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Author: Subject: Okey Dokey.
Hermes_Trismegistus
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[*] posted on 19-10-2004 at 17:55
Okey Dokey.


Barium Carbonate is a common chemical used in pottery. It decomposes at ~1300, releasing Carbon Dixide and leaving Barium Oxide. When Barium Oxide is heated strongly in air it forms Barium Peroxide. When Barium Peroxide is dissolved into sulfuric acid, it forms insoluble Barium Sulfate and a strong Hydrogen Peroxide solution.

If the Barium Sulfate was heated strongly would Sulfur Trioxide gas evolve leaving Barium Oxide?

Are there any other ways to relieve the Barium Sulfate of its burdensome Sulfate? (it wants a divorce)

P.S.
(please....no responses about alloying the barium with ununnium and shooting it into the sun with a rocket ship propelled by walnut flavoured jellybeans and used condoms..)

[Edited on 20-10-2004 by Hermes_Trismegistus]




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BromicAcid
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[*] posted on 19-10-2004 at 18:22


I don't think heating barium sulfate to yield sulfur trioxide is possible. My handbook of chemistry and physics gives a melting point for barium sulfate of 1580 C, nothing mentioned of decomposition, and even if it did liberated SO3 later, the temp would be too high and disproportionate it between sulfur dioxide, sulfur, and oxygen.

Heating barium sulfate with carbon yields a mixture of barium oxide and sulfide, sulfur dioxide gas and carbon monoxide exit. A mixture of barium sulfate with aluminum powder should yield barium metal, barium sulfate, barium oxide, and barium peroxide. Of course they would be difficult to separate.

Acidic azide solutions are strong reducing agents, maybe you could give one of those a try ;)




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[*] posted on 19-10-2004 at 19:02


With a 1580C melting point and an even higher temperature of decomposition there is an obvious hurdle to overcome if you wish to decompose with heat.

You may want to try reduction with aluminium. Is it possible? In the free metal it could be separated from the Al oxide via mechanical separation while melted (Ba mp is around 725C).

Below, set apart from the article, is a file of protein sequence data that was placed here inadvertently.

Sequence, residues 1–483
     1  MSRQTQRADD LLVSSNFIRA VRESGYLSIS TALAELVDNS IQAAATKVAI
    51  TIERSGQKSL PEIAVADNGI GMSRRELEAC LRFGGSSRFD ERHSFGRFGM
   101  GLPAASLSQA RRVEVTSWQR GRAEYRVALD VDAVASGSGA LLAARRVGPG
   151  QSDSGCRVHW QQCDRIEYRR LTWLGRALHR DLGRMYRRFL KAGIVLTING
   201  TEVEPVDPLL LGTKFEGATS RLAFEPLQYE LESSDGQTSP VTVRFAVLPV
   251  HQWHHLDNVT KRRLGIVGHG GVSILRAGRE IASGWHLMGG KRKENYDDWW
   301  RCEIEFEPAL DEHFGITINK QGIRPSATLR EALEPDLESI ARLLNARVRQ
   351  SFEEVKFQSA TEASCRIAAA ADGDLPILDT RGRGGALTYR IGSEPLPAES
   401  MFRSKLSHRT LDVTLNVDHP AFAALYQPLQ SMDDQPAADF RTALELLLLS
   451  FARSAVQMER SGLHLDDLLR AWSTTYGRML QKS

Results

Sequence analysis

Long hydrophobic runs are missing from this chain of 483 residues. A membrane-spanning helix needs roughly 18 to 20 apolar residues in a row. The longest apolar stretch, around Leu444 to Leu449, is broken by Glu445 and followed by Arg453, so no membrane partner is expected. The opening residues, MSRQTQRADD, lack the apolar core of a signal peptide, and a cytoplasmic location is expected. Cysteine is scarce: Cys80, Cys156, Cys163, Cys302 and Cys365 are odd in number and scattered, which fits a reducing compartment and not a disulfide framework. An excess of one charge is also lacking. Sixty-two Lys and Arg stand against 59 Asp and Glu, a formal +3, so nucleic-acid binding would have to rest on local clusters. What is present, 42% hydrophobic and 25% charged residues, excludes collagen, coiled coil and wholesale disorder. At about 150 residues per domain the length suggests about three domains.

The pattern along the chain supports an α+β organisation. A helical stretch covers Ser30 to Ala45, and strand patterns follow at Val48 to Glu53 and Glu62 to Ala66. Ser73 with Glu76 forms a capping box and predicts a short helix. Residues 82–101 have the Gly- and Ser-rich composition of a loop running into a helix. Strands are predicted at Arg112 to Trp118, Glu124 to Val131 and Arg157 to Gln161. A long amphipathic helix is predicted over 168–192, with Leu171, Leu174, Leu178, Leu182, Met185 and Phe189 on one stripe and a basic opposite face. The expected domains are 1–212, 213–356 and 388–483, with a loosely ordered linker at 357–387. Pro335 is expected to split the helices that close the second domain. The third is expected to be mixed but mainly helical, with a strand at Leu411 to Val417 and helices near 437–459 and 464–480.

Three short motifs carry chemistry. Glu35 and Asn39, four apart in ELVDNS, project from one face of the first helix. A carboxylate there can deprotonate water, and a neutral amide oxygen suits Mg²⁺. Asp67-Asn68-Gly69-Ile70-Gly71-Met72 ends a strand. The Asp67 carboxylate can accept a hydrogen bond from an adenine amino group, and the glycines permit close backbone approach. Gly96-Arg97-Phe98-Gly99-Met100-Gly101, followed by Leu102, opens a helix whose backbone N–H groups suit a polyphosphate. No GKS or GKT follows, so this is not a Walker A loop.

Industrial reduction follows the below series of overall reactions.

BaSO4 + 2C = BaS + 2CO2
BaS + CO2 + H2O = BaCO3 + H2S

BaSO4 + SiO2 + C = BaSiO3 + SO2 + CO

Both reactions produce an acid soluble product which can be further manipulated.
The temperatures involved however are around 1000C. Still, it allows for a lower temperature than roasting the sulfate independently.

One novel idea if you have lots of time on your hands. Microbial reduction:D!

http://water.usgs.gov/nrp/proj.bib/microbiology/barite.html
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S.C. Wack
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[*] posted on 19-10-2004 at 19:04


Heating the sulfate with Na2CO3 will give you BaCO3 in high yield.
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Hermes_Trismegistus
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[*] posted on 19-10-2004 at 19:24
That's the fuckin' ticket!!!


(clap hands)

Edit: Thank you all very much.

[Edited on 20-10-2004 by Hermes_Trismegistus]




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[*] posted on 21-10-2004 at 18:13


Na<sub>2</sub>CO<sub>3</sub> + BaSO<sub>4</sub> =x joule=> Na<sub>2</sub>SO<sub>4</sub> + BaCO<sub>3</sub>

=> BaCO3 is suppose to precipitate, filter, heat BaCO3 to release CO and make BaO<sub>2</sub> (just simple Q, what goes up to 1300°C?).

Here's the idea, passing H<sub>2</sub>SO<sub>4</sub> on BaO<sub>2</sub> on a mesh so the BaSO<sub>4</sub> is automaticly filtered, dripping conc. H<sub>2</sub>O<sub>2</sub>. Then why not reusing the Na<sub>2</sub>SO<sub>4</sub> (previously dehydrated) to clear up some more water in the Peroxide? (is Na<sub>2</sub>SO<sub>4</sub> soluble in Peroxide?)

=> Go get your "My First V2 Rocket" at your local x-Mart :cool:
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